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  • Author: Fabrizio Cafaggi, Horatia Muir Watt
  • Publication Date: 03-2007
  • Content Type: Working Paper
  • Institution: European Research Papers Archive
  • Abstract: The current debate on the desirability and modes of formation of European Private Law (“EPL”) is engaging a wide number of scholars and institutions. Current work concerns the search for a common core of EPL, the rationalisation of the acquis communautaire, the design of a European Civil Code. These ongoing projects raise at least two related questions concerning the challenges to Europeanisation of private law: First, what is the often implicit definition of priv ate law standing behind the debate about the creation of EPL? Second, does the process of creation of EPL need some type of governance structure?
  • Topic: Development, Government, International Law
  • Political Geography: Europe
  • Author: Armin Schäfer, Martin Höpner
  • Publication Date: 03-2007
  • Content Type: Working Paper
  • Institution: European Research Papers Archive
  • Abstract: In the past, economic integration in Europe was largely compatible with the persistence of different national varieties of capitalism. While product market integration intensified competition, member states could build on and foster their respective comparative advantage. To date, this no longer unequivocally holds true. We contend that a new, 'Post-Ricardian' phase of European integration has emerged in which the Commission's and the ECJ's attempts to further economic integration systematically challenge the institutions of organized capitalism. This quest for liberalization has reached a point at which its output legitimacy is increasingly uncertain. As a result, the de-politicization of EU decisions proves increasingly unsuccessful. In addition, liberalization measures rely on a very generous interpretations of the 'four freedoms' that exceeds the amount of liberalization the member states agreed upon in the European treaties and, therefore, lacks input legitimacy. We show this by discussing recent struggles over the Services Directive, the Takeover Directive, and company law. In the current phase of European integration, the Commission's and the ECJ's liberalization attempts either transform the institutional foundations on which some of the member states' economic systems rely or they create political resistance to an extent that calls into question the European project. The case studies reveal evidence for both of these possibilities.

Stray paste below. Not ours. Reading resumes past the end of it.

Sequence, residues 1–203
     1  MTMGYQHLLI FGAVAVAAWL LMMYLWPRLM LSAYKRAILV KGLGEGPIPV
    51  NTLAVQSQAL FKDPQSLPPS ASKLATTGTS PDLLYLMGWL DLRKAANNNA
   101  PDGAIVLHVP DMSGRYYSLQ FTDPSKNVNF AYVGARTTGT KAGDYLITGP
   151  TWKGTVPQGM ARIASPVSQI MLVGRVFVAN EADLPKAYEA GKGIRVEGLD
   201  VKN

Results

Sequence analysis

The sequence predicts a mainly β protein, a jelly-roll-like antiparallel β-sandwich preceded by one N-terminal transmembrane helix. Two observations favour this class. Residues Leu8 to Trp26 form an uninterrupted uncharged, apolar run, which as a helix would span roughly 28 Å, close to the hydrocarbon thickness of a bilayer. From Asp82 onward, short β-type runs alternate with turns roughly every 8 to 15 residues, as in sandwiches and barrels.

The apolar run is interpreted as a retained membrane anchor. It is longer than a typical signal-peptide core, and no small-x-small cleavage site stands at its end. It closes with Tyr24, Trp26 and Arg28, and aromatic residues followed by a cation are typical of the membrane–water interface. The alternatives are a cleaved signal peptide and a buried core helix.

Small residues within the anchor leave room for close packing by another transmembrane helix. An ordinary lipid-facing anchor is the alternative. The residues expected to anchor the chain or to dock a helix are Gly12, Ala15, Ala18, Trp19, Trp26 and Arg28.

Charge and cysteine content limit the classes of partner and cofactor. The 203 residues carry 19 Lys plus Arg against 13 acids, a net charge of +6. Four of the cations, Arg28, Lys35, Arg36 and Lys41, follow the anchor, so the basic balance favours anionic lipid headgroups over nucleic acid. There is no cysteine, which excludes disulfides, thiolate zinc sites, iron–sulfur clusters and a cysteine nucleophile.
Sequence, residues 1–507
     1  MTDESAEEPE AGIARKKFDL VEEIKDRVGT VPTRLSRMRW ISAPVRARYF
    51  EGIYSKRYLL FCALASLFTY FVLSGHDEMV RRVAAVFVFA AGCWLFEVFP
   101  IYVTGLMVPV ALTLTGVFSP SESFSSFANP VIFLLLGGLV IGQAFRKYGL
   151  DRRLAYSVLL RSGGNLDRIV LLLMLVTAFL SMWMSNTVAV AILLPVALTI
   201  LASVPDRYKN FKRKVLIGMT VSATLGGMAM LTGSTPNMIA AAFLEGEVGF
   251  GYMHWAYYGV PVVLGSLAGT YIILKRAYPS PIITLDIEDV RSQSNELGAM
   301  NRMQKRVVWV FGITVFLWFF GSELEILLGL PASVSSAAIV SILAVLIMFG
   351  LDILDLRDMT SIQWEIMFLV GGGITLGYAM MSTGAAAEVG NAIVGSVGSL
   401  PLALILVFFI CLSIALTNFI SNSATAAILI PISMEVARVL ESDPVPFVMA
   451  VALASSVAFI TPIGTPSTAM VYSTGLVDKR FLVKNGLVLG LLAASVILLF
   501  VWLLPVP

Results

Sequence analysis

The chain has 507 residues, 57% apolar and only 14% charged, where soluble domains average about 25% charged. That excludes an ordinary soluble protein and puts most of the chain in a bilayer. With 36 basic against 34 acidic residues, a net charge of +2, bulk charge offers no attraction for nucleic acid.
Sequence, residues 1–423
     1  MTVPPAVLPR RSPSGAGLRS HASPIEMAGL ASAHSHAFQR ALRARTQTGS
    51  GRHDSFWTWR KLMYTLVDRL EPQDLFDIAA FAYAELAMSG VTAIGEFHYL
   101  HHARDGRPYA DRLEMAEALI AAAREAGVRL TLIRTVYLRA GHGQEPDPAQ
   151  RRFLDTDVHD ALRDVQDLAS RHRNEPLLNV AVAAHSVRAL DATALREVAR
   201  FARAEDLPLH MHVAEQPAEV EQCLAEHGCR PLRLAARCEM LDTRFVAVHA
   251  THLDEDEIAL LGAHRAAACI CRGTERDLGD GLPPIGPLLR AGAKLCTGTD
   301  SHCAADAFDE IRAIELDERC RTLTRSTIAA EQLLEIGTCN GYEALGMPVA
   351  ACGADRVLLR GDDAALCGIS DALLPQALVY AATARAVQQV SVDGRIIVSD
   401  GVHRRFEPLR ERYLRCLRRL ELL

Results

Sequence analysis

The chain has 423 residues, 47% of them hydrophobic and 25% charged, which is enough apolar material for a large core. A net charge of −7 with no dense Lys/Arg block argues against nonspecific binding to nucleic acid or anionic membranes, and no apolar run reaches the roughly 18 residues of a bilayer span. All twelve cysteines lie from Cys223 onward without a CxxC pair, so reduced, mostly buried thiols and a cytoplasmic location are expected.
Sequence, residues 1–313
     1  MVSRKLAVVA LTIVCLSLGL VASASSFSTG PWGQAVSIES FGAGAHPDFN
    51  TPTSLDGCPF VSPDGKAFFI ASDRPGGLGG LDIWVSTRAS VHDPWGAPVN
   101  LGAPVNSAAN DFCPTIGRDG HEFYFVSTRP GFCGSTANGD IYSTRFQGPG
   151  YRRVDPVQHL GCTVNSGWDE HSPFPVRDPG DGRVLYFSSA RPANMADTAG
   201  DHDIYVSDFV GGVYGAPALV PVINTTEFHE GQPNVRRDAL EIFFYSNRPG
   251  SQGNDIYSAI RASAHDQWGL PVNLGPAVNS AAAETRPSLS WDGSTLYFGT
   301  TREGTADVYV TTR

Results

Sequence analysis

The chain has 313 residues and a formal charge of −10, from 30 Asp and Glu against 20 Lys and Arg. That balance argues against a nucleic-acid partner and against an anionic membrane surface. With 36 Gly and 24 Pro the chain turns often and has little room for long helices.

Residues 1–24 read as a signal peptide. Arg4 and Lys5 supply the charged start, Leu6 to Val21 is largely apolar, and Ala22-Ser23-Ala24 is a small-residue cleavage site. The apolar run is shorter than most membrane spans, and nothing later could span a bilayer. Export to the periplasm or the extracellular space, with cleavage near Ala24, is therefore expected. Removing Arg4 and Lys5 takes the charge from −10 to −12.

• Topic: Development, Economics
  • Political Geography: Europe
  • Author: Susana Borrás
  • Publication Date: 03-2007
  • Content Type: Working Paper